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Metaphor of Baby Coumba
After the Most Royal Lady calls for a meeting of the Diallobé people to encourage them to send their children to the foreign school, she compares herself to a baby who is learning to walk to express her uncertainty in the decision that she was making: “I must tell you this: neither my brother, your chief, nor the teacher of the Diallobé has yet taken a stand in this matter. They are seeking the truth. They are right. As for, I am like your baby Coumba” (Ambiguous Adventure, 42). Like a baby who is practicing to walk by placing one foot in front of the other, she places her hope in the belief that sending their children off to the foreign school will benefit them to some extent even though she is also quite sure that it might kill in them what they value the most in them and seek to preserve—their spiritualism.
The metaphor of Journey—road, adventure, itinerary
In his discussion with Lucienne’s family, Samba Diallo uses words such as journey, road, adventure, and itinerary metaphorically. He says: “It may be that we shall be captured at the end of our itinerary, vanquished by our adventure itself. It suddenly occurs to us that metamorphose ourselves, and we see ourselves as other than what we were. Sometimes the metamorphosis is not even finished. We have turned ourselves into hybrids, and there we are left. Then we hide ourselves filled with shame” (Ambiguous Adventure, 93).
Samba Diallo uses these words to express his sense of loss of himself, mainly, his loss of identity and the confusion that engulfs his life to the extent that death appears as his only refuge: “You are entering the place where there is no ambiguity” (Ambiguous Adventure, 177).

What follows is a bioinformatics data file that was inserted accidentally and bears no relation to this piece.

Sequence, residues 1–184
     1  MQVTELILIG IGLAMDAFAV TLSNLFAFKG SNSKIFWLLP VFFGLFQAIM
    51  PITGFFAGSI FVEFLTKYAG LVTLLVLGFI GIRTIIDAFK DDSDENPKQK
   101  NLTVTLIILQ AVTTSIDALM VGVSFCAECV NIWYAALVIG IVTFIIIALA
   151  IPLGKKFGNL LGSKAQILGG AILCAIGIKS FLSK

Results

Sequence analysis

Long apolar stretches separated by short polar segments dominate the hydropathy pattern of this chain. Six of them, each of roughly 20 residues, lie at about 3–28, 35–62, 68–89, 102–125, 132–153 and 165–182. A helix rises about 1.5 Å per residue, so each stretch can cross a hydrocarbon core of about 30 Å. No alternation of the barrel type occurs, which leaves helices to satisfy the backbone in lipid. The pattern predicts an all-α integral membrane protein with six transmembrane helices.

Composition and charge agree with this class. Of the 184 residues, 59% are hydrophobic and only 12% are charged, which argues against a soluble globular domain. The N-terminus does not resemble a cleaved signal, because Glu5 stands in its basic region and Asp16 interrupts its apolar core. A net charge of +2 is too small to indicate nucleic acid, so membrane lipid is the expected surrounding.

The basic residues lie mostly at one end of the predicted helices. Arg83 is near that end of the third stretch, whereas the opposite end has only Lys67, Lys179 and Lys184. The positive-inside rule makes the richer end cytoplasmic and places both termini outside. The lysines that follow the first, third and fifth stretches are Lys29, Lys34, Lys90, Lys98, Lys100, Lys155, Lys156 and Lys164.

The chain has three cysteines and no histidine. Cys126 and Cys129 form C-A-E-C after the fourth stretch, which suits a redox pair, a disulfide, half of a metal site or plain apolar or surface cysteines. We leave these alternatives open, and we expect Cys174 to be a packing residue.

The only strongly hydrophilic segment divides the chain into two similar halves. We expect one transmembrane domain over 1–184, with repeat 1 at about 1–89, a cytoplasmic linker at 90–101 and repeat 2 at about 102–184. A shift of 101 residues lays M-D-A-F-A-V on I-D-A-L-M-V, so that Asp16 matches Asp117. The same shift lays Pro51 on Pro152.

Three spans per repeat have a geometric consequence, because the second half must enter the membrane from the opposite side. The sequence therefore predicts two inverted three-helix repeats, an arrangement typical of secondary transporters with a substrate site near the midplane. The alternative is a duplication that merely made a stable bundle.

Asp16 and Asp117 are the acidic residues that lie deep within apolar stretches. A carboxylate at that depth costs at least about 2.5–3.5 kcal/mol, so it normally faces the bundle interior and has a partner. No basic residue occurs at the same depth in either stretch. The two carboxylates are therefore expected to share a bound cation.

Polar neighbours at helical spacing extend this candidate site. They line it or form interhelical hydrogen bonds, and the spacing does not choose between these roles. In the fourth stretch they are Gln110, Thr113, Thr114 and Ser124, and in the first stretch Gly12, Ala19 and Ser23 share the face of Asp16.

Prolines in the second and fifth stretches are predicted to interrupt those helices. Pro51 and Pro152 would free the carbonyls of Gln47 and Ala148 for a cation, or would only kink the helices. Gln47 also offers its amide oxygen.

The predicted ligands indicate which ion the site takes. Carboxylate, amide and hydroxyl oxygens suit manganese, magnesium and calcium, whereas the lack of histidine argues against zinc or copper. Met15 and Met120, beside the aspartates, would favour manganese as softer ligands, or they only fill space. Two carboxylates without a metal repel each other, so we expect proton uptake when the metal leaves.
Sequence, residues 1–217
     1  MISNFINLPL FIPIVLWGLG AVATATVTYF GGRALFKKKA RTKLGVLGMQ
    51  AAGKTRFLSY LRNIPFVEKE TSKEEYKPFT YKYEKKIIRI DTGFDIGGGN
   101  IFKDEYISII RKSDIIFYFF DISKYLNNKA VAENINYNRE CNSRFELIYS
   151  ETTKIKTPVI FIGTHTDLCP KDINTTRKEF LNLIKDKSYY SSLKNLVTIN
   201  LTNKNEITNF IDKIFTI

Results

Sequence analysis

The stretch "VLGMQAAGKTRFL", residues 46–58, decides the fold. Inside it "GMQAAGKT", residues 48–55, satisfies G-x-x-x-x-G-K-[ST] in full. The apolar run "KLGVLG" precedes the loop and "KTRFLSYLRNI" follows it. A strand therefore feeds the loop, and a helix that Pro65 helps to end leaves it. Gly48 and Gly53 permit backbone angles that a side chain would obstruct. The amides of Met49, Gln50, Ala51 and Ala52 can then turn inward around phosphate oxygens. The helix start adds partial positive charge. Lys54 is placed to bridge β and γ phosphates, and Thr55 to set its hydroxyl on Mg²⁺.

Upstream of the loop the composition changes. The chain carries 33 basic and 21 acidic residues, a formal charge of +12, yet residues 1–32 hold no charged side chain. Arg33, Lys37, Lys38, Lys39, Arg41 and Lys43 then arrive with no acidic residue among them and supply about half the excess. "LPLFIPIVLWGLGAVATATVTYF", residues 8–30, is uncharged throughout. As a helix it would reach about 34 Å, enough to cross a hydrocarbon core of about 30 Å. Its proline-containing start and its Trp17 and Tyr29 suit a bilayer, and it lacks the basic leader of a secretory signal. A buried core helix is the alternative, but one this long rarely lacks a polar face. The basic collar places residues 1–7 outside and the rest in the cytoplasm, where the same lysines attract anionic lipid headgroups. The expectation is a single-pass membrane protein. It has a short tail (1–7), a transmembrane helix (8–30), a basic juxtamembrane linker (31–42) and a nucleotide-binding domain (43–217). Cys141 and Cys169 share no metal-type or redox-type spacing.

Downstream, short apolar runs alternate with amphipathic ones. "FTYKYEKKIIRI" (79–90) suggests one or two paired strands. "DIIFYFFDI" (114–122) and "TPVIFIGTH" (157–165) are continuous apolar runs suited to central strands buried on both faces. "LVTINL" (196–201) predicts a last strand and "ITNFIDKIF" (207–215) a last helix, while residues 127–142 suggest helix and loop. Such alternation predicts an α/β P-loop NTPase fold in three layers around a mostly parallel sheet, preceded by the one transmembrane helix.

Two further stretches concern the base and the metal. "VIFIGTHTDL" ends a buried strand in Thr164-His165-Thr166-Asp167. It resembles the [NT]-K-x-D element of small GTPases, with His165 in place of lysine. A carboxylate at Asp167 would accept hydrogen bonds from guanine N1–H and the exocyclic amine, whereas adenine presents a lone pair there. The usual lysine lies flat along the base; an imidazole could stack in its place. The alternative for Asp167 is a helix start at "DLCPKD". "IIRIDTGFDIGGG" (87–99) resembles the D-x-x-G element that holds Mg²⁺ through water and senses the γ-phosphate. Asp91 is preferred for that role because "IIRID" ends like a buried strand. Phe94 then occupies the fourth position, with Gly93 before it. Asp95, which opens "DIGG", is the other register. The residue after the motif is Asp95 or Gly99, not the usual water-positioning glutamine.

The metaphor of the seed
The allegory of the seed that is to be fostered rather than wrecked alluded to by the Most Royal Lady during her speech brings into perception the emphasis on the significance of allowing the Diallobé children admission to the foreign school in order to succeed. It further brings forth the optimism of the Most Royal Lady with regards to the fruits that might follow as a result of the foreign education, just like seeds planted bring forth fruit that is consumed.
The master’s death
The master forms an embodiment of faith and culture of the Diallobé people. His death has been used to allude to the social demise of an older system metaphorically, that represented by the teacher’s death, to allow room for a newer system, that of the colonizer. This death is not as a result of some liberal gesture but rather due to the fact that the latter is all including: “… he was now near death. But, at the same time as himself, he felt that the country of the Diallobé was dying from the assault of strangers come from beyond the sea” (Ambiguous Adventure, 23).
The helplessness of the Diallobé country
“…the Diallobé country, helpless, was turning around and around on itself like a thoroughbred horse caught in a fire” (Ambiguous Adventure, 14). In this quote, the helplessness of the Diallobé society is explicitly compared to a thoroughbred horse caught in a fire. Through the use of this simile, the magnitude of the defenselessness and debilitated state of affairs of the Diallobés is brought out, following the conquest of black Africa by the French. It becomes clear that they might not be able to preserve their faith and spiritualism unless they compromise.
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